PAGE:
Finding Visualizations Tools and Integrating them into your Classroom
Karin Kirk, Cathy Manduca, Carol OrmandScience Education Resource Center Carleton College
SERCthe Science Education Resource Center at Carleton College
OutlineWhere to find visualization toolsIntegrating them into your classroomPractice time: find a visualization, evaluate it and think about how youd apply it.
Part I: Finding Visualization ToolsBegin with learning goals what do you want students to learn?Degree of complexity tailored to students level of understandingContext for use how will you apply this tool in class?The clearer you are about what you are looking for, the easier it will be to recognize when youve found it.
Some favorite places to look
Part II: Integrating Visualization ToolsVisualization tools are just that. Just as a hoe doesnt do the weeding without a gardener attached to it, a new GIS platform requires careful integration and guidance from the instructor in order for it to be successful.
Cognitive impacts of using visualizations
StrengthsInformation in multiple modes improves comprehensionOrganization improves memoryComplex relationships or processes can be easier to understand WeaknessesSimple diagrams cannot accurately convey complexity of process or its time scaleComplex diagrams are too advanced for most learners From Michelle Hall-Wallace, On the Cutting Edge visualization workshop
The cognitive processes required to make sense of visualizations are not a natural consequence of exposure to visualizations (Libarkin and Brick, 2002)
Some things to scaffoldGeoscience contentVisual cues: perspective, 3-dimensions, scaleDegree of inquiry: directed vs. free explorationTechnical requirements and how to interact with the visualization
Description of the activity/assignmentTo prepare for this assignment students have already used Google Earth to examine beach erosion, but they have not yet created any new content with Google Earth. Students are already competent navigators and are accustomed to the perspective views used in Google Earth. In this assignment students first go through a prepared Google Earth tour on Juneau Icefield glaciers, and answer questions about glacier features. Then students create their own Google Earth tour, using placemarks to identify key features of their glacier.http://serc.carleton.edu/NAGTWorkshops/climatechange/activities/21214.html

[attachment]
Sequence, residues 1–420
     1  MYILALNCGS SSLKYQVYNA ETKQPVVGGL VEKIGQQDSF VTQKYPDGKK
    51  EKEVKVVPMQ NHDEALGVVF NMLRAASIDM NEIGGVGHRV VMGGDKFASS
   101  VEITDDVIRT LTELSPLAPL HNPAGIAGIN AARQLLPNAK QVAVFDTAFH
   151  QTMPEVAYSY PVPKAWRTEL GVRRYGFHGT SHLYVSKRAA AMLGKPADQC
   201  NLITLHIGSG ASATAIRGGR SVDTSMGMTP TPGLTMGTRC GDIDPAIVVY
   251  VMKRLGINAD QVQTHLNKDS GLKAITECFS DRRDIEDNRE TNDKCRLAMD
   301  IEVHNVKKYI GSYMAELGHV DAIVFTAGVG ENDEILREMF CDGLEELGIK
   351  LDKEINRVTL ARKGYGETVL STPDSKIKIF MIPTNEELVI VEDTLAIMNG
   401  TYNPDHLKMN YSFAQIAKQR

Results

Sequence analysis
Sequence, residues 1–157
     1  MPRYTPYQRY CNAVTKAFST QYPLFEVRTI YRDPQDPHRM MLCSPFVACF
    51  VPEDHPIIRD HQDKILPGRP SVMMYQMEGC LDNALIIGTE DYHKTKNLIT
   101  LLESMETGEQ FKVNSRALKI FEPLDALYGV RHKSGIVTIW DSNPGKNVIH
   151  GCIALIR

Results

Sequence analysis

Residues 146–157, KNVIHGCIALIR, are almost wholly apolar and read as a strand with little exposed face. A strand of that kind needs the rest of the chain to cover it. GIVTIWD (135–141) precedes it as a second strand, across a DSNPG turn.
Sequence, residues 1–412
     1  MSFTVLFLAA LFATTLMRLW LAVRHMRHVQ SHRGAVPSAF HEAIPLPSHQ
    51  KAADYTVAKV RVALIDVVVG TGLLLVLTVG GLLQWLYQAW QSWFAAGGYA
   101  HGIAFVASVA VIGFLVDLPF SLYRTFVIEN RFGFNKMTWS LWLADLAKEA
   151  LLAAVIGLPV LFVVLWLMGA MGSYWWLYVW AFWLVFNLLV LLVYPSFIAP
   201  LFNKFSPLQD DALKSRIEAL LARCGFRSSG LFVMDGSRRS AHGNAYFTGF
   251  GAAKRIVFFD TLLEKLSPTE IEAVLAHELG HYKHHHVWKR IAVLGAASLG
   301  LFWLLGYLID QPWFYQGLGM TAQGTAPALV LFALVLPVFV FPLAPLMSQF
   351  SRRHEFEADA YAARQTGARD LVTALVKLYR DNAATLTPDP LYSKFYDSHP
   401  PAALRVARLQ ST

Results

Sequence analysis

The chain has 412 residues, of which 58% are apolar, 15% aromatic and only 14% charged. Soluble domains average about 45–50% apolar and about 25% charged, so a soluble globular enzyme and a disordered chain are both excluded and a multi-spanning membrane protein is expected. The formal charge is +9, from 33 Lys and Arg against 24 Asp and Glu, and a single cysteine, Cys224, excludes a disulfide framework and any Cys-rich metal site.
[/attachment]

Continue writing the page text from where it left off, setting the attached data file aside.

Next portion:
Evaluating Potential VisualizationsTopic:___________________Learning goal:____________Audience level:___________ 1. Does the visualization Match my classroom goals?Build on what students already know?Clearly illustrate the concepts at hand?Emphasize or isolate the key concept? Contain sufficient arrows, labels, scale and other information so that students can orient themselves?Match the mental model I want students to create?Helps students overcome common areas of difficulty?(Optional) Allows students to work with data and manipulate the imagery to create a deeper understanding?Allow opportunities for reflection, discussion, and synthesis?2. Is the tool flexible enough to customize for my specific use? (if applicable)3. In what type of context would you use this visualization? (illustrated lecture, interactive lecture, lab activity, independent exploration, reflection/synthesis, assessment)4. What kind of scaffolding, guidance, or instructions will you provide along with the visualization?5. How would you assess if the students are achieving the learning goals?
Part III: Practice (30 minutes)Find a partnerIdentify a geoscience topic that you might teach. Determine the goal for teaching with this visualization (Dont spend too much time on steps 1-3)Find a visualization that fits the goal, Use the checklist to evaluate it.Consider how you would scaffold this visualization.Discussion (last 10 minutes)
Where to start
http://serc.carleton.edu/introgeo/visualizations/how.htmlData Visualization LinksVisualization of Model OutputVisualization Software LinksPlus related links to other SERC sites
Make a handout of this*Participants can select any visual tool, such as one theyve learned about during the workshop.*